11. Suggest that parents working from home pack lunches and snacks prior to beginning the day. This way families can take a break and eat together. Go outside when you can, and when you can't, spread a blanket on the floor and have a picnic.
  12. Remind parents that when some children are in school for 7 hours they do not spend the entire time on task. There are bathroom breaks, recess, rest, snack, lunch, carpool, etc. Encourage parents to incorporate these breaks into their daily virtual learning schedules.
  13. Teach and practice grace and courtesy with yourself, families, and children. Everyone will be dealing with physical and emotional health issues in their own way.
  14. An advantage of Zoom and FaceTime is that you get to do a virtual home visit where everyone can meet each child's family members and pets. Some families aren't comfortable or may feel their rooms compare poorly to others. Give instructions to families ahead of time on how to change the background if they choose, so their rooms aren't visible.
  15. Things will be different and that's OK. Children will not get behind because everyone around the world is navigating these new waters together. Provide interesting activities and children will learn. They are born scientists, always eager to find out more information.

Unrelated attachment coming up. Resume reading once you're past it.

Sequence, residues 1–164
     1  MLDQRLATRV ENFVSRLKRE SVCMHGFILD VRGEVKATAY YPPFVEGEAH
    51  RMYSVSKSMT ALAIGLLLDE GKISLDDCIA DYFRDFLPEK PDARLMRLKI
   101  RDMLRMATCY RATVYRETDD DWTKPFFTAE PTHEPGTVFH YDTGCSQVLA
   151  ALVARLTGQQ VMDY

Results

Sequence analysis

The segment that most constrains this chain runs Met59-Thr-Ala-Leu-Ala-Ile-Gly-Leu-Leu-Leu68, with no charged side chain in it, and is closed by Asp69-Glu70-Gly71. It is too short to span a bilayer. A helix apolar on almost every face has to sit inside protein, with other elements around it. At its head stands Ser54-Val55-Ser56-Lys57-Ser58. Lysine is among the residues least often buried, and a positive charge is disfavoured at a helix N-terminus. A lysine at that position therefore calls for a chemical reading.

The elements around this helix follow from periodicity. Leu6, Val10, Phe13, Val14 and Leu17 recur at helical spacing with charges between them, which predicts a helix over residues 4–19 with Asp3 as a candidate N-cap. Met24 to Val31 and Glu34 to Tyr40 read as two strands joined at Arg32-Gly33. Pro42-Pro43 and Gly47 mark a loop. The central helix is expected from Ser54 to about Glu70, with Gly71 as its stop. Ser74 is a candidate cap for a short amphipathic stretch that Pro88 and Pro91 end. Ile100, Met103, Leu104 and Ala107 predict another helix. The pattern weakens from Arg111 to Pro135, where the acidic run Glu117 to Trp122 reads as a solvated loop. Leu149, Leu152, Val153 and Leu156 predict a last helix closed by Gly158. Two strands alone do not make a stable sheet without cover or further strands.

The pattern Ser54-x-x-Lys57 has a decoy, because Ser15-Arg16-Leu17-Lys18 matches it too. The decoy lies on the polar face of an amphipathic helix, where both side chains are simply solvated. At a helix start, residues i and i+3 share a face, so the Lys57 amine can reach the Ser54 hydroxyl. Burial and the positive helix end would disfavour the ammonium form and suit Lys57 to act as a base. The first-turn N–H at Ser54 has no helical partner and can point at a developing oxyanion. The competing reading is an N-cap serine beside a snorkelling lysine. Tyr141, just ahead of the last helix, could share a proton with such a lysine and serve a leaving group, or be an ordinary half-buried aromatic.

16. We find comfort in routines. Let children and families know what to expect, in what order. Repeat favorite songs and stories even when you are delivering distance learning. Play a signature song that you and the children can dance and sing along with at the beginning or end of each session, like "We Are Family" by Sister Sledge.
  17. Lots of emotion is conveyed through the face. Children need to see our faces, or we need to exaggerate our eyes and gestures to communicate clearly. If your school will be wearing masks, consider buying or altering them to have a clear plastic window, like those for people who are deaf and hard-of-hearing, so that children can see facial expressions better. Face shields may be a better option for some teachers.
  18. Talk with children about their feelings. Let them know that we have all kinds of emotions and feelings do change. We may feel sad or worried right now, but might feel better when we run outside or have a snack. Even babies pick up on and respond to our emotions even when we think we are hiding them.
  19. Remember to breathe. Stress comes from unexpected and unpredictable situations. So much is unknown right now. Focus on what you can take care of today while hoping for a better tomorrow. Practice gratitude each day. For example, "Today I am thankful for the way my students share silly things that make each other laugh."

About the Author

Laura Wilhelm, EdD, is a semi-retired professor returning to her first love, childcare. Starting this fall, she will be directing a new early learning center. She has taught in public schools, graduate and undergraduate courses for teachers, administrators, and childcare providers. She has led study tours in Germany, England, Wales, Belgium, France, and Italy. Her research interests include best practices for people under three, nature literacy, and urban education. The upside of social distancing has been spending extra time with her husband and teenagers.